Daniel grew up on a cotton farm 20km north-west of Bourke, NSW, considered the ‘gateway to the outback’. Having spent his foundational years in the outback, he developed a longing for adventure and an appreciation of the beauty and freedom of the bush.
Since completing high school Daniel has had a strong interest in understanding human behaviour and helping others to achieve their full potential. Over the last 15 years Daniel has gained training and experience in the teaching, counselling, youth work, outdoor recreation and research sectors. In these sectors, he has worked with children, teenagers, adults and families, in both paid and voluntary positions.
Daniel is currently completing a PhD in Clinical Psychology at the University of Canberra, whilst working part-time as a Psychologist in private practice. Daniel’s PhD focuses on the effectiveness of adventure therapy programs in Australia. Through the completion of academic training and multiple research projects, Daniel has demonstrated a commitment to developing and utilising advanced knowledge and skills in quantitative, qualitative and mixed method research design, implementation, analysis, interpretation and reporting.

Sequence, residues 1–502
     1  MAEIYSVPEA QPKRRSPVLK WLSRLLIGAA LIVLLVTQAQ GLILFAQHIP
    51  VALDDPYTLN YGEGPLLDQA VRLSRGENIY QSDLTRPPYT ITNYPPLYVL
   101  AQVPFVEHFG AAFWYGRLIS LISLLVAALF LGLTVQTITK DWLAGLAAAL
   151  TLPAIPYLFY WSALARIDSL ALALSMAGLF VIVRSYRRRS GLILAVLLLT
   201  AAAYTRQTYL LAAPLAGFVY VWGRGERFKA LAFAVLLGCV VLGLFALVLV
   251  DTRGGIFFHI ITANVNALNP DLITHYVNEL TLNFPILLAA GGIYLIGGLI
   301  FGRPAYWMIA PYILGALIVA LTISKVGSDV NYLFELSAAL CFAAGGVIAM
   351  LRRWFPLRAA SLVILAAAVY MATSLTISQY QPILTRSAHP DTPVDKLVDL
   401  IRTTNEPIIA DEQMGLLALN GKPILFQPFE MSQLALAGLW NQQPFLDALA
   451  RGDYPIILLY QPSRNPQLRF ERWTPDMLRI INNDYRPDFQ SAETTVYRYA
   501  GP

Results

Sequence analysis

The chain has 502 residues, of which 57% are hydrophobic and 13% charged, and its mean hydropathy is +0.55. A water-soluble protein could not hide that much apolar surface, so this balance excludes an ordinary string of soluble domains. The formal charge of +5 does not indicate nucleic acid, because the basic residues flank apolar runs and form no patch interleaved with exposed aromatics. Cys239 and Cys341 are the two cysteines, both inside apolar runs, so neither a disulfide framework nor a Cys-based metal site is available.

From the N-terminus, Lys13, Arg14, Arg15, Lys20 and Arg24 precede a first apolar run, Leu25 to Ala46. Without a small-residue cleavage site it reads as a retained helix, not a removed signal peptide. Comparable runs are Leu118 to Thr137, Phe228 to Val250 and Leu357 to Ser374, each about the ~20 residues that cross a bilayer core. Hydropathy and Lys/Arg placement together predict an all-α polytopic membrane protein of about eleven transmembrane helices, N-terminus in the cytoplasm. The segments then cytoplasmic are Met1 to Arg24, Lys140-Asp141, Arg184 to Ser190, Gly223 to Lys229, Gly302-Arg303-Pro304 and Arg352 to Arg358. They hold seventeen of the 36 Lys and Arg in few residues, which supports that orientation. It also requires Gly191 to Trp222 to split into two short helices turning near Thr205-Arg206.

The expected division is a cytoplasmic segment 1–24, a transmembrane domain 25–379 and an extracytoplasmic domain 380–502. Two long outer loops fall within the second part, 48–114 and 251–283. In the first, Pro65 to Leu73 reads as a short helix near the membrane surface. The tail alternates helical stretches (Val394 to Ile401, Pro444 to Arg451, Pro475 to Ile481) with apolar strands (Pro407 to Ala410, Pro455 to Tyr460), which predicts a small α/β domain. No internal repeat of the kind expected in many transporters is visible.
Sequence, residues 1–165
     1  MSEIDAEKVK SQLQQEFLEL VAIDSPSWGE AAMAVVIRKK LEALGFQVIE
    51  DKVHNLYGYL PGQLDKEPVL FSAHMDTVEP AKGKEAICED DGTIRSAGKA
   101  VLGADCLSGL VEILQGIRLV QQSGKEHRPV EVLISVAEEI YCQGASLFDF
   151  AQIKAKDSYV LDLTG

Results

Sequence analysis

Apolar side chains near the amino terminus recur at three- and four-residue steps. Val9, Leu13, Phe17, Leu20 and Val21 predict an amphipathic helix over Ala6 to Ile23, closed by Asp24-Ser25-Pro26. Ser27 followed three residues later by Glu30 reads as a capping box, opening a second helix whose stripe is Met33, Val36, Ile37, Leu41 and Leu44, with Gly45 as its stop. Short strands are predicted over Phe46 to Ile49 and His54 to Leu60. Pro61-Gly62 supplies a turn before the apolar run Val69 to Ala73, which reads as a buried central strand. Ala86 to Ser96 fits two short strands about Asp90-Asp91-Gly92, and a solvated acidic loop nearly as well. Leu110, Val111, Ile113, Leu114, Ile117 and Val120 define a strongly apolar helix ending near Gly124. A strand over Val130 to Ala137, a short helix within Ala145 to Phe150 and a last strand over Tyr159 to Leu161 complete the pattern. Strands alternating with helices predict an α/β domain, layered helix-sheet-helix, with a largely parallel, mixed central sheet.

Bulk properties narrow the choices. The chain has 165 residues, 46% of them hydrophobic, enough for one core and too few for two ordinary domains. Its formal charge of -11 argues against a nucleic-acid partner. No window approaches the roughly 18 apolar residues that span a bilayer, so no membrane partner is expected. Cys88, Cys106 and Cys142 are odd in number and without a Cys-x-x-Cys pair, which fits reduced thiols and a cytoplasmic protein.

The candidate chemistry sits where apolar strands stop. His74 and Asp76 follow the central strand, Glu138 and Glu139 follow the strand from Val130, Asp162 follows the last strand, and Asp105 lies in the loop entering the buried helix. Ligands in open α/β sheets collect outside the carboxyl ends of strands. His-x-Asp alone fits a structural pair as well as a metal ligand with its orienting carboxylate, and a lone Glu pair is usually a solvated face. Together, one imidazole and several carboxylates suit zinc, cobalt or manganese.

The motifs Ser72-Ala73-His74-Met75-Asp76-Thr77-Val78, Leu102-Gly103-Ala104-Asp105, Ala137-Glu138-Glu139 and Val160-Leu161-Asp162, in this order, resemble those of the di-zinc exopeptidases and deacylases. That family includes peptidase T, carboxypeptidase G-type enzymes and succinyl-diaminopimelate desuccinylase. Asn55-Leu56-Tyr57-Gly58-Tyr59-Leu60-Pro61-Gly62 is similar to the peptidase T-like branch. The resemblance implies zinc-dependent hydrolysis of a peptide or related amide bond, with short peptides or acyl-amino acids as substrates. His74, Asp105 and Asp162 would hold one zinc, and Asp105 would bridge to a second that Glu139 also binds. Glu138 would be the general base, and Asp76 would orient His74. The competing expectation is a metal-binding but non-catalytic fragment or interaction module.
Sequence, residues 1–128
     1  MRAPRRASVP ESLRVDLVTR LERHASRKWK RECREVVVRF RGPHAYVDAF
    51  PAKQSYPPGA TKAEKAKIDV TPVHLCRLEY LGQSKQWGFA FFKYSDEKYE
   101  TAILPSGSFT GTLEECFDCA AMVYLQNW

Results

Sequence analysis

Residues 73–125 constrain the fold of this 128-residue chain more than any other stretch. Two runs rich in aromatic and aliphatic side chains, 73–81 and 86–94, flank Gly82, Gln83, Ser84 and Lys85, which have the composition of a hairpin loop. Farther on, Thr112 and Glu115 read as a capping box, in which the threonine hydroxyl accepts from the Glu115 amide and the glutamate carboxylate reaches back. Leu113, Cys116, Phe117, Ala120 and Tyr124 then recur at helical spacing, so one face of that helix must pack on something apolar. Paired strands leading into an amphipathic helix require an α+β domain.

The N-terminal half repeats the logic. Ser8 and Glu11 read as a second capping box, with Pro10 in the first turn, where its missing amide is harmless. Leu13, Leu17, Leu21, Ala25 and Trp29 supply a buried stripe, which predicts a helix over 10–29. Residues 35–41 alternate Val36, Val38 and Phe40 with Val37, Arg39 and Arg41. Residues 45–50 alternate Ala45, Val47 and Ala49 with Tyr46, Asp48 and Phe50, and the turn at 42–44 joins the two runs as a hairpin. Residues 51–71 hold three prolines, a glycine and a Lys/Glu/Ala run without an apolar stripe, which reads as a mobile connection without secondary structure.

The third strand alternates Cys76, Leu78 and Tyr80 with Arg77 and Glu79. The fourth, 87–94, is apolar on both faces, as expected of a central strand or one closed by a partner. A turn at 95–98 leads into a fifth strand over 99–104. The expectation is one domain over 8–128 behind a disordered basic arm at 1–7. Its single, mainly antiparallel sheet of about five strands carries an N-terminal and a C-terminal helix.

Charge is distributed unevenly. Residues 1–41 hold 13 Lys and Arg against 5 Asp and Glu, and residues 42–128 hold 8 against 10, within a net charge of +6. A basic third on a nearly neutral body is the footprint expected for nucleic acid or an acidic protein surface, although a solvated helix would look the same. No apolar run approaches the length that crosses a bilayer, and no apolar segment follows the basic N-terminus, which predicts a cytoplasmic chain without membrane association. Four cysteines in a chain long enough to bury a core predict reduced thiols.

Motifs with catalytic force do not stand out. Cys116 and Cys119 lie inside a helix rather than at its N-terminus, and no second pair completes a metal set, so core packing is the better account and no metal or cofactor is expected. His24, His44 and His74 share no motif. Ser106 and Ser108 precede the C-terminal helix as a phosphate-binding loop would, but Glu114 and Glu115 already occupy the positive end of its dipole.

Bowen, D. J., & Neill, J. T. (2015). Effects of the PCYC Catalyst outdoor adventure intervention program on youths’ life skills, mental health, and delinquent behaviour. International Journal of Adolescence and Youth, 1-22. doi: 10.1080/02673843.2015.1027716
Neill, J. T., & Bowen, D. J. (2014). Research evaluation of PCYC Bornhoffen Catalyst Intervention Programs for youth-at-risk [2012-2013]. Canberra, Australia: University of Canberra.
Bowen, D. J., & Neill, J. T. (2013). A meta-analysis of adventure therapy outcomes and moderators. The Open Psychology Journal, 6, 28-53. doi: 10.2174/1874350120130802001